The Ecumenicity of Ugandan Martyrologic Events

Bogoslovnic Vestnik 80 (4) (2020)
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When people are united in their suffering for a common cause, that which binds them together is always stronger than their differences. The bond is even sturdier when religious motives define their common convictions. For this reason, during martyrdom, those who are persecuted create peculiar reli - gious identity through their common belief in God. This identity generates a socializing bond which makes them resolute in their united witness to the su - bject of their faith. This was the case with the nineteenth-century Ugandan martyrs who died during the reign of the morally debased King Kabaka Mwan - ga. The novelty of this work consists in accentuating the ecumenicity of the Ugandan martyrdom that came into prominence, inter alia , through the Roman Catholic processes of canonization. It is so because there is no research work that has highlighted the fact that Anglicans and Lutherans were equally put to death in their defence of the Christian beliefs and morality alongside the Ro - man Catholics. For this reason, this work underlines how an inclusive narrative of the East-African Christian witness to the truth of the gospel brings out the ecumenicity of the Ugandan martyrologic events. Theoretical frameworks of deterrence and group memory were used in the understanding martyrdom and common witnessing in Uganda. In their united witnessing to the Christian faith, the Ugandan martyrs overcame the shackles of denominational divide that co - uld have weakened their common resolve to stand for Christ. Therefore, Chri - stians in contemporary African continent are called to re-receive the spirit of united witnessing to Christ as exhibited by the Ugandan martyrs since this will go a long way to: healing the wounds caused by denominational rivalry, con - trolling the tendency of tearing one another apart because of ethnic interests, sustaining common witness to truth and justice, encouraging all those suffering for their belief in Christ (no matter their denominational rootedness) to stand firm, and strengthening the spiritual bond that connects together all believers in Christ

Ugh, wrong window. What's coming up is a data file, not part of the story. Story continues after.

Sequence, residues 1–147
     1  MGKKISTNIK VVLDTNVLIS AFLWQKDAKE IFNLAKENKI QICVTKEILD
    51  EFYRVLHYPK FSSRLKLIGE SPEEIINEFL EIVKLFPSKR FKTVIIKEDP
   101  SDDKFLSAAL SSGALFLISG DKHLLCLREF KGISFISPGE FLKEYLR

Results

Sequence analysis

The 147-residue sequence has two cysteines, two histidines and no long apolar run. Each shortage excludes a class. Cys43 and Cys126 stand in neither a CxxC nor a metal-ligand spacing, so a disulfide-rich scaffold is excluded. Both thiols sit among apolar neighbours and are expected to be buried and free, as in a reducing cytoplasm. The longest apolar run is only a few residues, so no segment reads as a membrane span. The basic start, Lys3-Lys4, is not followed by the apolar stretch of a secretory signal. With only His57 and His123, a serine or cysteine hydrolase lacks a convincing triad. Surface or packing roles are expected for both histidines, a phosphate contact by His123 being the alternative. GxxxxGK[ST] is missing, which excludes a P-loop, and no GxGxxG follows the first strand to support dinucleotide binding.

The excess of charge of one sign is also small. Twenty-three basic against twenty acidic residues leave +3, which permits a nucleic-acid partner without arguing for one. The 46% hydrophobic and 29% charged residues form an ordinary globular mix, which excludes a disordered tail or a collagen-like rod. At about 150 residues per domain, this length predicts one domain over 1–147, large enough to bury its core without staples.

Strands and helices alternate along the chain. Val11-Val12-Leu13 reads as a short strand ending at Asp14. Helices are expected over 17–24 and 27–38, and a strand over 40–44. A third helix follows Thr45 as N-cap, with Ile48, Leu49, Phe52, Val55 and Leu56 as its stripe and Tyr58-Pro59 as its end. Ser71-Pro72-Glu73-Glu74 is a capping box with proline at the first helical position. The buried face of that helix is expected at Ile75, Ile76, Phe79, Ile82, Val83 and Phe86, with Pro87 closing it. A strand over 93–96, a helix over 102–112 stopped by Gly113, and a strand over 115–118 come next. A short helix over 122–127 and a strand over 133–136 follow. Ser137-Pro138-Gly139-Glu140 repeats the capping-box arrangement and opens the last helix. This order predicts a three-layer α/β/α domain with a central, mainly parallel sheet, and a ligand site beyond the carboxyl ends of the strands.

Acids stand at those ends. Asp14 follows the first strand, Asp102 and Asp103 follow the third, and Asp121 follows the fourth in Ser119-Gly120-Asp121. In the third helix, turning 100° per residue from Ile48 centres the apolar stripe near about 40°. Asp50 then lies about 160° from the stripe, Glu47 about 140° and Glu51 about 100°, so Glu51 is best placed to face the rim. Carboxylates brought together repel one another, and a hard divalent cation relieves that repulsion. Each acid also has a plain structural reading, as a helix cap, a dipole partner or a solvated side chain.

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Archival date: 2020-12-30
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